African-American history has played an integral role in the shaping of politics, economics, and culture in the United States. Growing up, how did you learn about the accomplishments and struggles of African Americans? Were you in a classroom? Reading a book? Talking with relatives or friends? How has your understanding or knowledge of African-American history changed and/or developed over time? What do you think is the most effective way to pass along this rich and growing history to future generations?

Barbara Woodin

I lived through the Civil Rights struggles of the 50s, 60s and 70s. I’m 72, a white woman, and I remember being in an integrated high school, from which I graduated in 1958. There were no racial problems at my school, and a number of blacks were very active in student council, music, and sports. Although blacks were less than half the student population, we all lived together peacefully, although there was not the interaction we see today.

Toni Morrison, the Nobel and Pulitzer prize winning author graduated from my high school about 10 years before I did. I have been fascinated by her writing and watching her interviews on TV.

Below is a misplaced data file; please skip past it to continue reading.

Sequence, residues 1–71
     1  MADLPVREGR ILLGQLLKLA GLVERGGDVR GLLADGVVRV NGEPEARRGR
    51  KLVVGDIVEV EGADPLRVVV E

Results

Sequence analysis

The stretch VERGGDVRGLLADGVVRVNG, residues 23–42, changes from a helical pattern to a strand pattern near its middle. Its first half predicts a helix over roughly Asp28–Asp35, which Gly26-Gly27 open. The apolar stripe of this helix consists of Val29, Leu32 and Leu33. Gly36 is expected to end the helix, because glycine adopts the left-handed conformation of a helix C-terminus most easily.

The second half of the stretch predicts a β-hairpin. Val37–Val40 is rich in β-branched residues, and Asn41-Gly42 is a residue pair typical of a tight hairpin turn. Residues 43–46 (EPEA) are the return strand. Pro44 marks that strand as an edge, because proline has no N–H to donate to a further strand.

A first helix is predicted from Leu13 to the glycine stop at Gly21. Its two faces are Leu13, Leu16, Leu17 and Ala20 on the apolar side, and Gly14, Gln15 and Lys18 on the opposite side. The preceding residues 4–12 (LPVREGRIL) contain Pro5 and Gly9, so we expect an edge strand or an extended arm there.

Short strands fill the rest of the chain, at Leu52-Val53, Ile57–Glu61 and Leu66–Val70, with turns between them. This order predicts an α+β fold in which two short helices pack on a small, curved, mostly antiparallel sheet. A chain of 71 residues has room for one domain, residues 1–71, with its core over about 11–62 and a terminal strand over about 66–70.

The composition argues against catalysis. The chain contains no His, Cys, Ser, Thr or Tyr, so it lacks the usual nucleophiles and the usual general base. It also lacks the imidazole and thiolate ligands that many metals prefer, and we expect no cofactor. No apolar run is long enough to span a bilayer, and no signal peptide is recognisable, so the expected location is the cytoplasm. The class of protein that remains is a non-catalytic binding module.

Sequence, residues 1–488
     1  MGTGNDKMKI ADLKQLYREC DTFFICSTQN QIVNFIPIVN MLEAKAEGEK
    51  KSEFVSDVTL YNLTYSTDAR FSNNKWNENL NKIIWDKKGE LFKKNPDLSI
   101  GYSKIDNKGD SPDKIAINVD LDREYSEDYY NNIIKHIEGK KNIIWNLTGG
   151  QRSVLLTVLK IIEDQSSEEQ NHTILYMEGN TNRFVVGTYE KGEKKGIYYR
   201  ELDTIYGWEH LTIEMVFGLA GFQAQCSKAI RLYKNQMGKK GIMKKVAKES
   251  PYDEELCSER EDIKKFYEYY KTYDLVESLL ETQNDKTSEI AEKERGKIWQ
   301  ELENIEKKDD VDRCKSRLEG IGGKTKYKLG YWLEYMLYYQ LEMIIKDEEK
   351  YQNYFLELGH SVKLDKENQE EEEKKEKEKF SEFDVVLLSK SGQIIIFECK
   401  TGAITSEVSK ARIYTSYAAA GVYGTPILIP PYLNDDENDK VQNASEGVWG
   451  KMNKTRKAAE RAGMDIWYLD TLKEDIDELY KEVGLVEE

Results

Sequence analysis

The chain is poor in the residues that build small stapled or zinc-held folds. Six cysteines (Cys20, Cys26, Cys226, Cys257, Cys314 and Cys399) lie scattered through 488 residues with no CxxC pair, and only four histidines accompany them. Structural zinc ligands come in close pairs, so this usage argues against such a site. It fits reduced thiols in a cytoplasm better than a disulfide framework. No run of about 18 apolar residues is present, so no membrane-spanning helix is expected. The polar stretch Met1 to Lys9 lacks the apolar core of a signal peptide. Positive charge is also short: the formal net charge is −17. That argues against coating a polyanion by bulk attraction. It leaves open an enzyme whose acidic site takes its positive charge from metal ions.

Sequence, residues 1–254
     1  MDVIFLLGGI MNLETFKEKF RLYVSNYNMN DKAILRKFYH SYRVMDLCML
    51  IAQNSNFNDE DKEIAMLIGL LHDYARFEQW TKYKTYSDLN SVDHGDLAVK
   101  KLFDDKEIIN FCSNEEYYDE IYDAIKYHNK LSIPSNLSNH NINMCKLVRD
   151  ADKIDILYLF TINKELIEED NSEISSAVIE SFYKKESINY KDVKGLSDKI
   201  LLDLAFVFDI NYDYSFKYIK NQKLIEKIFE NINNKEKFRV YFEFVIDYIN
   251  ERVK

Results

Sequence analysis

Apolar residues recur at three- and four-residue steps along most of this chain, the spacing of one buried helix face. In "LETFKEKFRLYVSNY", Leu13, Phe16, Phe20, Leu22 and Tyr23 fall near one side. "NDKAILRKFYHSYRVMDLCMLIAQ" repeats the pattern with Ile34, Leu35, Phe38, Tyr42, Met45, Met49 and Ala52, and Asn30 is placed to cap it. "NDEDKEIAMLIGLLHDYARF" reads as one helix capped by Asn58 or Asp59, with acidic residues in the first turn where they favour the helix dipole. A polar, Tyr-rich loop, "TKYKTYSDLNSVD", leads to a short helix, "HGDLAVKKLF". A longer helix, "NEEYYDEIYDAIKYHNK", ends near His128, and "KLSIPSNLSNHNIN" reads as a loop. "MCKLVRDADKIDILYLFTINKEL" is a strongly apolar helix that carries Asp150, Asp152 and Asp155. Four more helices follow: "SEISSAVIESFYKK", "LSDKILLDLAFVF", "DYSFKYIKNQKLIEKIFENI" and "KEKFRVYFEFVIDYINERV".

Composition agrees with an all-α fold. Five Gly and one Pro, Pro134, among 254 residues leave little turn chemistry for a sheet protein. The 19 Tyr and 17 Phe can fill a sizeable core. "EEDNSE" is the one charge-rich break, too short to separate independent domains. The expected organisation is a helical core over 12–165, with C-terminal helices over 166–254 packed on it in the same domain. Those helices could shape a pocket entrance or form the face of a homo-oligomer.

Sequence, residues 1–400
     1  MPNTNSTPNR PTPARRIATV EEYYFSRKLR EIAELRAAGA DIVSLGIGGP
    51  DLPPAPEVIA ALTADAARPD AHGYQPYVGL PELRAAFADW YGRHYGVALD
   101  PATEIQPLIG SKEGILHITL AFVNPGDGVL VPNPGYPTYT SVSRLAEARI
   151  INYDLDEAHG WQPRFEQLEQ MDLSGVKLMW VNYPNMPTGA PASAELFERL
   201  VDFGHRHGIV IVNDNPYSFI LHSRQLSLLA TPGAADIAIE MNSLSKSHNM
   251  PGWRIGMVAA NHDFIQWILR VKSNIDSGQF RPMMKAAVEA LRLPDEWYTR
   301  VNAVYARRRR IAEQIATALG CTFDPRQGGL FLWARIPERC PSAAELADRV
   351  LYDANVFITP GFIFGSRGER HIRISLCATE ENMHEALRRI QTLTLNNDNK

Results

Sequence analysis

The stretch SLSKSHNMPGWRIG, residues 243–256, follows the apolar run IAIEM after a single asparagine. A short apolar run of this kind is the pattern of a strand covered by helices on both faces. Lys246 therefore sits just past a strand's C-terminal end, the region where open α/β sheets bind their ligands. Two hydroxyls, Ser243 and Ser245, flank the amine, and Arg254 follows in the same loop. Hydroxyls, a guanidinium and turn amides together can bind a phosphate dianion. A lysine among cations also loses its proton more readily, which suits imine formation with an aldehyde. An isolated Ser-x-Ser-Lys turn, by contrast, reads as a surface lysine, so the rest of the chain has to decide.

Although I was not an active participant during the Civil Rights or Anti-war demonstrations, the 60s and early 70s reframed my ideas and feelings about the times. A child of the 50s, I really grew up in the 60s, and remember watching the marches, rallies, sit-ins, and the different movement leaders – both Civil rights and anti-Vietnam war. What a horrible, yet memorable decade the 60s were! I sometimes wonder how we got through it all – the deaths of JFK, MLK, RFK; the brutal attacks of blacks in the South and the North; the ugly ’68 Democratic convention. Then in 1970 the Kent State shootings occurred, near my hometown of Lorain, Ohio, another climactic moment. It is so gratifying to see the times I lived through portrayed meaningfully and thoroughly in the wonderful series “African-Americans – Many Rivers to Cross.” All this has opened my eyes to a different perspective than the one I lived through. As I’ve grown older, I am a different person than the 22-year-old – I hope far more compassionate, understanding and empathetic with African-Americans’ struggles, indeed with ALL peoples’ struggles. And I’m proud that Barack Obama is the President of the United States!